Every year on January 1st we all join to celebrate the new year, making resolutions, starting diets and cracking open brand new organizational planners that we’re sure will finally make this year the BEST year of our lives! But have you ever wondered why the new year starts on January 1st? Where I am, it’s the middle of winter, everything around me is dead and dark and gloomy, if not covered in inches of snow, and this seems like the absolute last time of year I’d pick to start a new one. If it was up to me, I’d definitely go with spring when all the trees and flowers are blooming and beginning their new lives. But there’s gotta be a good explanation right? Right. So let’s figure it out together. I’m Yvonne Page Illustrates and on this channel, I research some of life’s most burning questions and then share what I learn with you. If learning new, random things sounds like something you’d enjoy, you should definitely subscribe. But for now, let’s get started answering the question of WHY January is the first month of the new year.
Starting the new year on January 1st all began back in 45 B.C.E. with the Julian calendar, which was created by Julius Caesar with help from an Alexandrian astronomer, Sosigenes to replace the traditional Roman calendar, which followed a lunar cycle. Caesar and Sosigenes decided it would be more accurate to follow a solar calendar like the Egyptians did, and in doing so, they determined that each year was 365.25 days long. When inventing his calendar, Caesar decreed the new year would start on January 1 each year and that was that. Very simply, we celebrate the New Year on January 1st because a Roman dictator from thousands of years ago said so. I mean, of course, it wasn’t just that. History is never that simple is it?
First of all, the reason Caesar decided January would be the first month was because it was named after the Roman god Janus, ruler of doors and gates, with two faces-one looking forward and one looking back. The symbolism of this wasn’t lost on Caesar and he felt like the beginning of January would be a great “doorway” for the new year. Pretty clever right? I mean, I’m not hating it.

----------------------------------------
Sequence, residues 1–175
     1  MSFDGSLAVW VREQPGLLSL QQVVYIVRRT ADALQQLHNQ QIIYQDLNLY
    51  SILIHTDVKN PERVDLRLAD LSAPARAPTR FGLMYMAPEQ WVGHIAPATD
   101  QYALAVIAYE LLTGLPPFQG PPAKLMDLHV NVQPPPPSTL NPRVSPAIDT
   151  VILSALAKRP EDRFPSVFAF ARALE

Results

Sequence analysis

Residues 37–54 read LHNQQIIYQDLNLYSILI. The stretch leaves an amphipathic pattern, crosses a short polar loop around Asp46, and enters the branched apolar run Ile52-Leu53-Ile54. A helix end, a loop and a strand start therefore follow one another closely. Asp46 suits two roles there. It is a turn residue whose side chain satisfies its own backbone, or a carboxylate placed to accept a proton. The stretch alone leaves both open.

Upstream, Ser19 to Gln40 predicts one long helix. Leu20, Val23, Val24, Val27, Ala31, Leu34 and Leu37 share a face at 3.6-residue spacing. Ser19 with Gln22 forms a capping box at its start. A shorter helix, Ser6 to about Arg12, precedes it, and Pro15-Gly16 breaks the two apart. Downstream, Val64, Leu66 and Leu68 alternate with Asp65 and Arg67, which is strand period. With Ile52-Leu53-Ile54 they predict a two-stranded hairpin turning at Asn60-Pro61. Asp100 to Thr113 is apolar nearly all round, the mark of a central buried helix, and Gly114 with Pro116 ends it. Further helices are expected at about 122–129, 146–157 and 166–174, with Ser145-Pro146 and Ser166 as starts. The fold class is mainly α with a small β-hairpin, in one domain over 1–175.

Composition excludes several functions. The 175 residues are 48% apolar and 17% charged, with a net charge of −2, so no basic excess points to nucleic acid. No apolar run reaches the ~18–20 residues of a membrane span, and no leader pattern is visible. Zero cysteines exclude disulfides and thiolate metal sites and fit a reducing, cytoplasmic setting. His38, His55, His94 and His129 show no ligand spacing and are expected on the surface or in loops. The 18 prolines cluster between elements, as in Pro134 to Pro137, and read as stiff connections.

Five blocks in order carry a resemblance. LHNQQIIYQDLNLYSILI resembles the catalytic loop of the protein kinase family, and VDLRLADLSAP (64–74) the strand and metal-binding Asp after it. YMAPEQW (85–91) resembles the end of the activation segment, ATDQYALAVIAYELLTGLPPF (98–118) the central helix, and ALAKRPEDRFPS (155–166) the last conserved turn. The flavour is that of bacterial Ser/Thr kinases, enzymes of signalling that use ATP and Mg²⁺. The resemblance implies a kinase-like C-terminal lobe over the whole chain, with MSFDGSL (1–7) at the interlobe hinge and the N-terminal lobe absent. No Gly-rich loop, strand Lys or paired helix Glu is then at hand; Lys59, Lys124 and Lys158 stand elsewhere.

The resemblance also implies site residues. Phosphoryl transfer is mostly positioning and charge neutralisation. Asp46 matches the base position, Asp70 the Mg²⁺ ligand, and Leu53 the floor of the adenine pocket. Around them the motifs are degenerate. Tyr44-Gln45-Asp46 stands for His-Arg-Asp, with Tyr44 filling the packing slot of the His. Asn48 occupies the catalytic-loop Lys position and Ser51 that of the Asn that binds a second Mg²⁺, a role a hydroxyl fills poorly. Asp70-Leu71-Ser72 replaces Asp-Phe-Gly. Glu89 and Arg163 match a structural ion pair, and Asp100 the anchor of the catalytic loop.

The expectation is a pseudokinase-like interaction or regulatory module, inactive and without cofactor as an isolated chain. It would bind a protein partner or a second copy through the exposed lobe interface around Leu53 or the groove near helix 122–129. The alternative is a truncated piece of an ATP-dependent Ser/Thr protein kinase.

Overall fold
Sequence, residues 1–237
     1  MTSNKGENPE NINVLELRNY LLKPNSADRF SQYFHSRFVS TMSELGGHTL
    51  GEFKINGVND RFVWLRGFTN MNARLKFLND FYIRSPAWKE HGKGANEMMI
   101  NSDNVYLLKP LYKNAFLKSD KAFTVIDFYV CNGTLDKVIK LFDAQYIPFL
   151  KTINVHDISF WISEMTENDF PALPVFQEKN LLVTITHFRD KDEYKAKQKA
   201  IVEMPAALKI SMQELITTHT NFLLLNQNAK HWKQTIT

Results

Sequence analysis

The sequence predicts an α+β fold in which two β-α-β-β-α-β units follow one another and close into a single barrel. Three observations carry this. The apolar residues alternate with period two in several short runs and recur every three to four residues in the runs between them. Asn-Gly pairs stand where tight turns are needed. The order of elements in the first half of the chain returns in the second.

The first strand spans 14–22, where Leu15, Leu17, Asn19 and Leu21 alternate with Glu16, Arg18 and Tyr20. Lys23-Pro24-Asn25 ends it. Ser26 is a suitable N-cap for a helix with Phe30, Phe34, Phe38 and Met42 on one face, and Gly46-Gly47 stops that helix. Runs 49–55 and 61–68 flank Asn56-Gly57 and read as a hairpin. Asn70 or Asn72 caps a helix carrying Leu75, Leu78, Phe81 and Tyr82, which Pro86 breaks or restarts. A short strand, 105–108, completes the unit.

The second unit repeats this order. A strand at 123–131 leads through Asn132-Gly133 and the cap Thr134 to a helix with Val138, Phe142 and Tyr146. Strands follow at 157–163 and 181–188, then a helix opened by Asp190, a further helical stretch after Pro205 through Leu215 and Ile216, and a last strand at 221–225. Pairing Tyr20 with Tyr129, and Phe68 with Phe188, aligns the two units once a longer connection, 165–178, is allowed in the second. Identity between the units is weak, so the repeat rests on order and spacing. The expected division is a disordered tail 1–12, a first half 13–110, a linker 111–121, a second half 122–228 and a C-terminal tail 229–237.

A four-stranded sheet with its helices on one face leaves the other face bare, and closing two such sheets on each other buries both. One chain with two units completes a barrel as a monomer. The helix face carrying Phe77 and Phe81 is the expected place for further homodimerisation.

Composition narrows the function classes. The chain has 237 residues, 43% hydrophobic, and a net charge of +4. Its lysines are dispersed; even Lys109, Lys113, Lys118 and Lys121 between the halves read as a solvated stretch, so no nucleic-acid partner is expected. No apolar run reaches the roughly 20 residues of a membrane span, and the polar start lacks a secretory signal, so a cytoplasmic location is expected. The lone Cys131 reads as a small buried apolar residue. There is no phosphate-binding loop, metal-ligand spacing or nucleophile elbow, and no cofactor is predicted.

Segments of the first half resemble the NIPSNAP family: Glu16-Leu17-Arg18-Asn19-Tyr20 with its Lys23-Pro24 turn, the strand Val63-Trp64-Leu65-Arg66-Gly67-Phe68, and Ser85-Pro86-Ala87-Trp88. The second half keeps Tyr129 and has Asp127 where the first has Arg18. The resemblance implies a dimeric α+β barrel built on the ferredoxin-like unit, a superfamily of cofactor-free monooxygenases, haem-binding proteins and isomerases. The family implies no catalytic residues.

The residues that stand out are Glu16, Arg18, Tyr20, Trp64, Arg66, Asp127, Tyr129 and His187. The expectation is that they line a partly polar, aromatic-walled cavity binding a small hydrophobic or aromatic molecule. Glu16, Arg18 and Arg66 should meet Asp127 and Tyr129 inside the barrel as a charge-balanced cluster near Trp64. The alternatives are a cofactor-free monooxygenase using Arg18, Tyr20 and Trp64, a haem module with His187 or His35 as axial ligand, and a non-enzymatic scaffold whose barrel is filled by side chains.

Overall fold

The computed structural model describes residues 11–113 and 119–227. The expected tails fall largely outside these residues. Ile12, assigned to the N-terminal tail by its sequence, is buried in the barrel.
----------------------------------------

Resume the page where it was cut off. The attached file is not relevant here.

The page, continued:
BUT during the Middle Ages, celebrating New Year’s Day on January 1 fell out of favor for the simple reason that when calculating their calendar, Caesar and Sosigenes had made a fatal error. That quarter of a day they’d estimated extra every year? Turns out that instead of 365.25 days each year, there were actually 365.242199 days each year. This may seem like an insignificant amount of time but it added up to an 11 minute per year error and by 1000 C.E., seven extra days were just floating around, making it really hard to celebrate new years on January 1. Many people chose to celebrate the new year in March, likely because, like me, they saw that as the time when new life and growth was felt the most. It wasn’t until the 1570s that the error would be fixed. By then there were more than 10 extra days floating around and the Church, under Pope Gregory XIII, commissioned a Jesuit astronomer named Christopher Clavius to come up with something better. In 1582, the Gregorian calendar, named after Pope Gregory, was introduced and used the 365.242199 days number rather than 365.25. It omitted the 10 extra days that year to start everything a-fresh and ever since then, New Years has properly been held on January 1st.
Now-a-days, most of the world uses the Gregorian calendar and celebrates New Year on January 1 but it’s not the rule. Though to many people this date makes sense beyond Caesar’s declaring it to be so, because, for instance, the winter solstice is celebrated in many places at the end of December, observing the coldest and darkest part of the year and celebrating the new start to come. By January the days and amount of sunlight are lengthening and it’s easy to see why, when you look at it like that, it’s a good time for feeling like things are starting anew. Additionally, around this time of year, is when the earth is closest to the sun in its yearly orbit so that’s another argument for starting the year in January.